Futility is one of the most famous poems by one of the most famous poets of World War I, Wilfred Owen, 1893-1918. This poem tells us of an incident where a group of soldiers try to revive an unconscious soldier by dragging him into the sun on a snowy day, but their efforts are in vain because the soldier is already dead. I use this poem in this lesson to help you with your pronunciation, your vocabulary, your understanding of the British English IPA chart symbols, and to introduce you to this most beautiful of poems. Poems are a great way to enrich many aspects of your English and I hope that you enjoy the poem and the exercises included in the lesson.
Snake is one of D. H. Lawrence's most famous poems and was published in the poetry collection Birds, Beasts and Flowers. I use this poem in this lesson to help you with your pronunciation, your vocabulary, your understanding of the British English IPA chart symbols, and to introduce you to this most beautiful of poems. Poems are a great way to enrich many aspects of your English and I hope that you enjoy the poem and the exercises included in the lesson.
This most famous of poems about flying is mostly known and remembered for the first and last lines: Oh! I have slipped the surly bonds of Earth, Put out my hand, and touched the face of God. I use this poem in this lesson to help you with your pronunciation, your vocabulary, your understanding of the British English IPA chart symbols, and to introduce you to this most beautiful of poems. Poems are a great way to enrich many aspects of your English and I hope that you enjoy the poem and the exercises included in the lesson.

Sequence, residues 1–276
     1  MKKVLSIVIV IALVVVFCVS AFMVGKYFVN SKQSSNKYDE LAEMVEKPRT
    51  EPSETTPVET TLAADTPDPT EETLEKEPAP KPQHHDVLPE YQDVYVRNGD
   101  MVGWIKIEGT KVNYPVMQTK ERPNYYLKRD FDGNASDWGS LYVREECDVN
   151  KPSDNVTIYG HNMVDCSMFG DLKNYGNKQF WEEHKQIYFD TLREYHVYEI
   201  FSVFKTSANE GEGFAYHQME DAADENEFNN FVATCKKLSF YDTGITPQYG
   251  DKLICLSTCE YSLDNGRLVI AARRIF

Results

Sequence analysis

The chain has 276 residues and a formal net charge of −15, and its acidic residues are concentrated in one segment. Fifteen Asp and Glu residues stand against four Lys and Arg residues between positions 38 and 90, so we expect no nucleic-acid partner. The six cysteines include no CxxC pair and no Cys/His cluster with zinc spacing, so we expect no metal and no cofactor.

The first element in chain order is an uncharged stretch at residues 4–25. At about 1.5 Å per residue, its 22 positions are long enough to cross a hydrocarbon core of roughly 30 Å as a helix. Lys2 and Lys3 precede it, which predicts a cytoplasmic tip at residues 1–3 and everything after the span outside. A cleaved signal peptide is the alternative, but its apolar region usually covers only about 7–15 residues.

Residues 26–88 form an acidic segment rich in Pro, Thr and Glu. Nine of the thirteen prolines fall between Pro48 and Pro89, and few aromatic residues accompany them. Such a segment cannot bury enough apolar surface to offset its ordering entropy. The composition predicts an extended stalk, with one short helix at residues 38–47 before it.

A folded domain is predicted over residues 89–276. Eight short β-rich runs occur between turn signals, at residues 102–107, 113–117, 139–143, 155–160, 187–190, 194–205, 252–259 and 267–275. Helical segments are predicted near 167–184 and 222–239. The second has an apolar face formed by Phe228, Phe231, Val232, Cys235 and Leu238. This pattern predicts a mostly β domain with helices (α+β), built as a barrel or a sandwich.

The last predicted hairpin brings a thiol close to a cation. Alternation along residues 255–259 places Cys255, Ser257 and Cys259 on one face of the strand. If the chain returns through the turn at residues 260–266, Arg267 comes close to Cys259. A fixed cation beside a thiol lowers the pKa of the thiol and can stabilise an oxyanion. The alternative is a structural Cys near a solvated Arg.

The Vagabond is one of the poems from Robert Louis Stevenson's Songs of Travel and Other Verses published in 1896. In this lesson you will learn some of the vocabulary in the poem, as well as improving your pronunciation skills and your knowledge of the British English IPA chart and symbols. Robert Louis Stevenson (1850-1894) was a Scottish travel writer, poet, essayist, and novelist. He is best known for Treasure Island, the Strange Case of Dr Jekyll and Mr Hyde, and Kidnapped. He is the 26th most translated author in the world.
A poem from the Welsh poet, W.H. Davies (1871-1940) to help you with your pronunciation and the rhythm of English through British English IPA transcripts. There is a full British English IPA phonetic transcript of the poem, too, to help students improve their knowledge and use of the 44 IPA symbols in British English, and some biographical information about the poet.
The most famous and well-known of Shakespeare's 154 sonnets is undoubtedly Sonnet 18 which begins, Shall I compare thee to a summer's day? This lesson looks at the pronunciation of the sonnet as well as providing a modern English translation of the sonnet to make it easier to understand. The lesson also looks at some of the old, obsolete language of Shakespeare, in particular the thee, thy, thou which appear in this sonnet. There is a full British English IPA phonetic transcript of the sonnet, too, to help students improve their knowledge and use of the 44 IPA symbols in British English.